Canadian Money Forum banner

1 - 20 of 26 Posts

·
Registered
Joined
·
1,588 Posts
Discussion Starter #1
Code of Rules ~ Hotel Fort Macleod ~ September 1, 1882

(1) Guests will be provided with breakfast and supper but must rustle their own dinner.

(2) Boots and spurs must be removed at night before retiring.

(3) Dogs are not allowed in the bunks but may sleep underneath.

(4) Candles, hot water and other luxuries charged extra, also soap.

(5) Two or more persons must sleep in one bed when so requested by the proprietor.

(6) Baths furnished free down at the river, but bathers must furnish their own soap and towels.

(7) Jewelry or other valuables will not be locked in the safe. The hotel has no such ornament as a safe.

(8) The proprietor will not be responsible for anything. In case of fire, guests are requested to escape without unnecessary delay.

(9) Guests without baggage may sleep in the vacant lot.

(10) Meals served in bedrooms will not be guaranteed in any way. Our waiters are hungry and not above temptation.

(11) All guests are requested to rise at 6 a.m. This is imperative as sheets may be needed for tablecloths.

(12) No tips to be given to any waiters or servants. Leave them with the proprietor and he will distribute them if considered necessary.

(13) The following tariff subject to change: Board $25 a month.
......Board and lodging with wooden bench to sleep on, $50 a month.
......Board and lodging with bed, $60 a month.

(14) When guests find themselves or their baggage thrown over the fence, they may consider that they have received notice to quit.

~ proprietor, Harry Taylor




Image source: http://www.pbase.com/bmcmorrow/fortmacleod&page=all

Wilf Carter sings a tune while-U-wait:
https://www.youtube.com/watch?v=PoN3lPyv0V8
 

·
Registered
Joined
·
5,739 Posts
^ :highly_amused: on the above list of Rules, especially #11.

With rule #9, do guests have to pay for that too?

And code #13 board $25 a month? $25 per month to sleep on a board? especially in 1882 - that's more than outright robbery!
 

·
Registered
Joined
·
7,412 Posts
And code #13 board $25 a month? $25 per month to sleep on a board? especially in 1882 - that's more than outright robbery!
Considering the town became almost a ghost town..perhaps they overpriced themselves in 1882?

The latest population is just over 3,000 and it costs about $75 a night to stay there.
 

·
Registered
Joined
·
5,739 Posts
Board is meals. "Room & board" refers to a room with meals provided.
... okay, thanks for clarifying but it's still a joke that board alone costs $25 a month ... where's the room/lodging in that price??? And what meal costs $25 a month in 1882, wild rice?
 

·
Registered
Joined
·
3,361 Posts
... okay, thanks for clarifying but it's still a joke that board alone costs $25 a month ... where's the room/lodging in that price??? And what meal costs $25 a month in 1882, wild rice?
Well, I did an inflation calculator and found that $25 in 1882 is $604 in 2014. That works out to $20.13/day, which seems fair for 3 meals cooked & provided to you in a hotel-type establishment. I don't think it's too crazy!
 

·
Registered
Joined
·
5,739 Posts
Well, I did an inflation calculator and found that $25 in 1882 is $604 in 2014. That works out to $20.13/day, which seems fair for 3 meals cooked & provided to you in a hotel-type establishment. I don't think it's too crazy!
.. no, $20.13/day for 3 cooked meals wouldn't be crazy in 2014 ... in fact it would be a bargain even in a B&B establishment! But if you note from the above Code of Rules, #1 and #10, there was no guarantee you would get 3 meals.
 

·
Registered
Joined
·
3,197 Posts
Board is meals. "Room & board" refers to a room with meals provided.
I suspect in the context of those tables, "Boards" would be "Room & Board". It wouldn't make sense to compare it tenement rents otherwise. Few people would sell "Board Only", so it would be difficult to survey. "Boarding House" commonly means a large house with rooms to let. In that day and age they generally offered meals as well.
 

·
Registered
Joined
·
15,839 Posts
re zylon's 1882 code of rules for Hotel Fort MacLeod ...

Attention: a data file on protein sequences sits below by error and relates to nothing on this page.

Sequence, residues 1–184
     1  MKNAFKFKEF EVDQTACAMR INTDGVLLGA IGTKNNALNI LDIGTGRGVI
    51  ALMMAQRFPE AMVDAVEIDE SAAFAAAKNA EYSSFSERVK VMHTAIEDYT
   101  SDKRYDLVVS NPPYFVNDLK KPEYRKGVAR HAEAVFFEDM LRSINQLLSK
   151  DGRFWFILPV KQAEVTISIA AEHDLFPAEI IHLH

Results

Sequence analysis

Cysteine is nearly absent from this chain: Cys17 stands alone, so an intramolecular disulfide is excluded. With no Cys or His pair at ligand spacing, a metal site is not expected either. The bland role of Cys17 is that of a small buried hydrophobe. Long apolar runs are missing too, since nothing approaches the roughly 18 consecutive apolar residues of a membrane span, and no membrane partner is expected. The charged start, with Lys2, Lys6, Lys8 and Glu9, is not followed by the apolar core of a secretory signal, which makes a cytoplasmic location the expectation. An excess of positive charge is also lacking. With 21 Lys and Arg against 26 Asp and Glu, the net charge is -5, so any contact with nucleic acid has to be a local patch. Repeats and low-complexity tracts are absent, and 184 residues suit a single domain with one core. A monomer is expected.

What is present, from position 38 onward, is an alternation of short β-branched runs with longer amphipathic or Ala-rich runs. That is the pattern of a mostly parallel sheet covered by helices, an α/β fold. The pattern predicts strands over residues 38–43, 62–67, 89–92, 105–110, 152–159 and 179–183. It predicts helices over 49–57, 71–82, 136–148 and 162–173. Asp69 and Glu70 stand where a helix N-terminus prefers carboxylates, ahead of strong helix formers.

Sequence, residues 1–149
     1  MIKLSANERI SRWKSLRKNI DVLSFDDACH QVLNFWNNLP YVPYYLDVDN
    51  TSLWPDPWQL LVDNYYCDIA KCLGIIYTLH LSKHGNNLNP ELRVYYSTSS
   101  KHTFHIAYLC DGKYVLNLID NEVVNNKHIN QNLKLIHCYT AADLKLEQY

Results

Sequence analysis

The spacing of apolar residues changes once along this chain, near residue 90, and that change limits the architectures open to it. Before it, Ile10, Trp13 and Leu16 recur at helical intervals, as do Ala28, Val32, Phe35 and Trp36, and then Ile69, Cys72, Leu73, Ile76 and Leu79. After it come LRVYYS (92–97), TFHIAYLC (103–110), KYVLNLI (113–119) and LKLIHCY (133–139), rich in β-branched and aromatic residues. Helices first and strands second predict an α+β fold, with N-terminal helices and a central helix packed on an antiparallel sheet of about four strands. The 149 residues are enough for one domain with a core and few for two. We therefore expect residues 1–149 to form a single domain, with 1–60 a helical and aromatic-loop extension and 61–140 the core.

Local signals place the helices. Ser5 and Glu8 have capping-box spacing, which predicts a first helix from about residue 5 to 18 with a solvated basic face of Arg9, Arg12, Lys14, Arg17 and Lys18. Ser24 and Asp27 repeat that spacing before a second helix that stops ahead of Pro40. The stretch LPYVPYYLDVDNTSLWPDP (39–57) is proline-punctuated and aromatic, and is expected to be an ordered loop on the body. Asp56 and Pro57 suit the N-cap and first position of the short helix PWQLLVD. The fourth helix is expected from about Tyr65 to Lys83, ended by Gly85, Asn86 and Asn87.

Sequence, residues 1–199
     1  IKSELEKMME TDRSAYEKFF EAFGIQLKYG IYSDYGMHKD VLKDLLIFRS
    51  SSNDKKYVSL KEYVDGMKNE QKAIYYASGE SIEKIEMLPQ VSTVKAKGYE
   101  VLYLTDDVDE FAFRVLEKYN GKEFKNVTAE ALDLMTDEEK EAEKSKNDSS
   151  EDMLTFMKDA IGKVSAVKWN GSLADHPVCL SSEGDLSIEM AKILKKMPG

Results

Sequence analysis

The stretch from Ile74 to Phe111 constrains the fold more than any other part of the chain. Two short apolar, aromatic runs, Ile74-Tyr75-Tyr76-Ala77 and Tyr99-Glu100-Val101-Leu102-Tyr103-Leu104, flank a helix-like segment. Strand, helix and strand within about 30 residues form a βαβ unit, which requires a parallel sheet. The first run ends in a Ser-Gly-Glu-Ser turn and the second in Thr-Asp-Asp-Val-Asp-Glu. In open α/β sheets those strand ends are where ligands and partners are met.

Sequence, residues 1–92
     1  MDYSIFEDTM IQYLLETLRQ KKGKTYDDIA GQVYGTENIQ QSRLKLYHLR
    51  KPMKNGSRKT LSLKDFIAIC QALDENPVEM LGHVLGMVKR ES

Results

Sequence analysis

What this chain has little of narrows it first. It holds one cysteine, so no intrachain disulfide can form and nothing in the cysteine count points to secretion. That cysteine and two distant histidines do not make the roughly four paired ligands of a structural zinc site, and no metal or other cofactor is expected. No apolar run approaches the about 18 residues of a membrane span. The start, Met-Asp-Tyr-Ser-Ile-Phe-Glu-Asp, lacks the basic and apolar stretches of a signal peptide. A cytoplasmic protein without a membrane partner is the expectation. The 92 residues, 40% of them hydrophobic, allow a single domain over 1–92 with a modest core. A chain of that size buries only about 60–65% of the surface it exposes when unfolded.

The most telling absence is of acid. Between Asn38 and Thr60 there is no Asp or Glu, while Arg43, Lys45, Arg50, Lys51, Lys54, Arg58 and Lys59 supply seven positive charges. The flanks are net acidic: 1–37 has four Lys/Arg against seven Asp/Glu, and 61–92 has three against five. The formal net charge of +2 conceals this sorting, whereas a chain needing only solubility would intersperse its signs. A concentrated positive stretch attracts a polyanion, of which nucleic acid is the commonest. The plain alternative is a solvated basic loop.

imho the language signature is not authentic. The language of these rules reads like a contemporary creation by a comedian.

for example, reference to "vacant lot" in rule No. 9 sounds 21st century, not 19th century. In 1882 fort macLeod was only 8 years old, permanent population consisted of the North West Mounted Police detachment, a few local farmers, the merchants & outfitters who served them plus itinerant traders, whiskey smugglers & rustlers. In beautiful downtown fort macLeod in 1882, just about every lot would have been a "vacant lot."

same thing for the Rents & Boards post. Was *tenement* a word that was in broad popular use in the alberta district of the northwest territories in 1882? was *rent* a word that was then in use? was not *let* a more common word used at that time to signify chambre à louer?

rules 2 & 3 are timeless, though. In 1882 as today, canadians took off their boots before going to bed & they did not sleep with their dogs either.
 

·
Registered
Joined
·
1,588 Posts
Discussion Starter #11
What a lot of commotion due to posting of what I thought was a bit of funny prose; although I myself find historic records most fascinating.

@h_pie #10:
- the 'rents and boards' post #4 has nothing to do with post #1.
It's a price list of wide variety of items, of that period, with source link provided in post #4.

As for the authenticity of the 'Code of Rules', you'll have to take that up with Grant MacEwan, author of "Fifty Mighty Men" where I found said Rules in the chapter titled "The Keeper of Hotel Fort MacLeod - Harry Taylor".

Quite sure that Harry Taylor was authentic character though, as I find this excerpt in my browsing:
http://wayback.archive-it.org/2217/...grantmacewan/feature_articles/Frontier2.html#



Also, this reference to the man from:
"Denny's Trek: A Mountie's Memoir of the March West" By Cecil E. Denny

 

·
Registered
Joined
·
4,160 Posts
According to the rules "board" would include 2 meals per day. That would be 60 meals in a month for $25. In the city, the cheapest meal ticket would cost you $2.50 or $3 per week. So his prices were high, but not out of line for a remote settlement where supplies were expensive and hard to get.

As for the beds, many travellers brought their own bed roll and blankets, and would be satisfied with a wooden bench in a room to put them on. If the house furnished a paliase sheets and blankets that would be extra.

Tenement was a common name for rented rooms. The word apartment had not yet come into use, in fact the concept of apartments as we know them, was brand new in the 1880s. About that time an exclusive new hotel in New York advertised "French flats" for permanent residents as the latest thing. Vacant lot, rent, tenement were all terms in common use.

If you want to know what a tenement looked like, have you seen the Kramden's apartment in The Honeymooners? Like that. The bathroom was at the end of the hall, shared by all tenants on one floor.